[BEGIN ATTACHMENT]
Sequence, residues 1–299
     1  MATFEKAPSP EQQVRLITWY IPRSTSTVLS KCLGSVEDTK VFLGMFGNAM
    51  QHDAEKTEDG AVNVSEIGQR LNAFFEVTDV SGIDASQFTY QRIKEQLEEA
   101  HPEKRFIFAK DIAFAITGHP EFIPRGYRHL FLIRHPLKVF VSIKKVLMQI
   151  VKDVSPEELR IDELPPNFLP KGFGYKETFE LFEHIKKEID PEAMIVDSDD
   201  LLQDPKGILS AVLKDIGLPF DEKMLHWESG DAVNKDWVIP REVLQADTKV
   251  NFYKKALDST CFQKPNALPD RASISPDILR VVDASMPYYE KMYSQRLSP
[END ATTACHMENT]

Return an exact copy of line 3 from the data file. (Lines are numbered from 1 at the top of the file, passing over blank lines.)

    51  QHDAEKTEDG AVNVSEIGQR LNAFFEVTDV SGIDASQFTY QRIKEQLEEA